Michael Khoo, PhD, Receives Award for Project "From 'Bug Data' to Big Data"
March 12, 2014 — College of Computing and Informatics Assistant Professor Michael Khoo, PhD, along with co-investigator Gary Rosenberg, PhD, Pilsbry Chair and Curator of Malacology at the Academy of Natural Sciences, was awarded a $13,000 grant from the Social Science Research fund (SSRF) for the project “From ‘Bug Data’ to Big Data: Communities of Practice, Networks of Practice, and Information Systems at the Academy of Natural Sciences.”
Ongoing innovations in computing technologies are leading to the emergence of large-scale information infrastructures that can support novel forms of collaborative research across multiple institutions and disciplines. Historical collections of biological specimens can provide useful data for disciplines such as atmospheric science, by providing specimens that support the modeling of the historical dimensions of climate change. At the same time, it can be difficult for institutions such as natural history institutions to share research data. Understanding how data is shared in these new large-scale information infrastructures is therefore a key research question. “From ‘Bug Data’ to Big Data: Communities of Practice, Networks of Practice, and Information Systems at the Academy of Natural Sciences,” research addresses this question by drawing on two theories of institutional knowledge practices: Communities of Practice (CoPs), and (NoPs) Networks of Practice, that model how institutions create, maintain, and share knowledge. This research is operationalized in a qualitative study of historical and current data practices at the Academy of Natural Sciences, Philadelphia (ANSP). The goals of the study are twofold:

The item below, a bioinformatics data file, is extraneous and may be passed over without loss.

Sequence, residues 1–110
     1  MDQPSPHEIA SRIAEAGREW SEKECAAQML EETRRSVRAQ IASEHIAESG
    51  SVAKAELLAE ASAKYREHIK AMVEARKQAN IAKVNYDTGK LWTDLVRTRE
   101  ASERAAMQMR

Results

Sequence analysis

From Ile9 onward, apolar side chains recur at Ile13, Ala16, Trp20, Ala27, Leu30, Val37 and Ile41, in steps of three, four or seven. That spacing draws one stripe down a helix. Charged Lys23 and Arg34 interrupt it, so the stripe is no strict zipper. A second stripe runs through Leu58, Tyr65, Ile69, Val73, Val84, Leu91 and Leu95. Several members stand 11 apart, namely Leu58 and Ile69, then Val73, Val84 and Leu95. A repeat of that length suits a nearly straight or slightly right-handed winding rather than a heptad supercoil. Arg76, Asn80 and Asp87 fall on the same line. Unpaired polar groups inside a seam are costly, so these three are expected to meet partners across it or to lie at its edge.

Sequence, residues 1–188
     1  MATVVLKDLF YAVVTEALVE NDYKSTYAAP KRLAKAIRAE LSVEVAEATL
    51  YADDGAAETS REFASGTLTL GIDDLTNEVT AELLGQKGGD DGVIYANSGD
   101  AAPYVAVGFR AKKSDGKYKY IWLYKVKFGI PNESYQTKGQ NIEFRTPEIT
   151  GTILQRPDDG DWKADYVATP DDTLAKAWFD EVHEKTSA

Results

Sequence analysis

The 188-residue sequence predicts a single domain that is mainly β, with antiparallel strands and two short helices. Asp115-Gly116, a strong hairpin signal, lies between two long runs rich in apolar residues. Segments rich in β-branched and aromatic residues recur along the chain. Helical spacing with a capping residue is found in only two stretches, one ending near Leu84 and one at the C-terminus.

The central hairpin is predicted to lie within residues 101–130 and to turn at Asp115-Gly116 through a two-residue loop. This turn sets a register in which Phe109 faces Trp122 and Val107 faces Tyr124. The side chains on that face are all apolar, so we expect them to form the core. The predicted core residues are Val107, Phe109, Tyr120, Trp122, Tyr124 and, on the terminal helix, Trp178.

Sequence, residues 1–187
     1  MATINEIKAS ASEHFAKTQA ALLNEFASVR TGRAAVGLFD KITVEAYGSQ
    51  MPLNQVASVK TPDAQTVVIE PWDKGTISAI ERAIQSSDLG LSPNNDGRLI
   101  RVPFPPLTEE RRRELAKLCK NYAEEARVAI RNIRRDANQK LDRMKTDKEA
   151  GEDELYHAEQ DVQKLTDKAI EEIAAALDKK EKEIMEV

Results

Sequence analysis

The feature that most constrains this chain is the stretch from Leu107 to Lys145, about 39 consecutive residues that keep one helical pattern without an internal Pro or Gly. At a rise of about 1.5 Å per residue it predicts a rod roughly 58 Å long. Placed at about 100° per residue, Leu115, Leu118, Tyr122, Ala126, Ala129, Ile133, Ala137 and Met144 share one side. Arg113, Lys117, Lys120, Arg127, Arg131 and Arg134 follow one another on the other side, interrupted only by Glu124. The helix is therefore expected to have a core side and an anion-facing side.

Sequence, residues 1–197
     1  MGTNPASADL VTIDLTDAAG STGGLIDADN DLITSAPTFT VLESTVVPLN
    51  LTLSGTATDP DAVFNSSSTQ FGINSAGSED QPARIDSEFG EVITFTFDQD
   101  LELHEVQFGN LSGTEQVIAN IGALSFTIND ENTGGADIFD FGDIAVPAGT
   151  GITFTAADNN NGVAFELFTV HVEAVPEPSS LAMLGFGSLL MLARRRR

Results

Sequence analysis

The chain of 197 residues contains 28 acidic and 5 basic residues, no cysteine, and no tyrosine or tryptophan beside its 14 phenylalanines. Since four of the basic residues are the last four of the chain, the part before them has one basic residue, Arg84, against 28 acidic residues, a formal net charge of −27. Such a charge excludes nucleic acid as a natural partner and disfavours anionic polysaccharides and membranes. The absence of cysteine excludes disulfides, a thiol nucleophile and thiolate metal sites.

• To develop a theoretical model of CoPS, NoPs and data sharing, using the ANSP as a case; and
• To gain a better understanding of data practices at ANSP while supporting the development of tools for wider networked data access for evolutionary biology, biodiversity, and other researchers.
Khoo and Rosenberg’s research investigates the socio-technical dimensions of information systems. Their focus is on understanding libraries, archives, and digital repositories, the digitization of physical artifacts, interoperability, and the role of metadata in describing and classifying resources, as well as making them accessible to users. The investigators draw on theories of practice and tacit knowledge from various domains, including socio-technical studies, anthropology, philosophy, communication studies, and user-centered design in order to examine the different frames and practices that individuals and groups bring to their interactions with repositories and metadata. They use mainly qualitative methods, based on ethnography, observation, and interviews.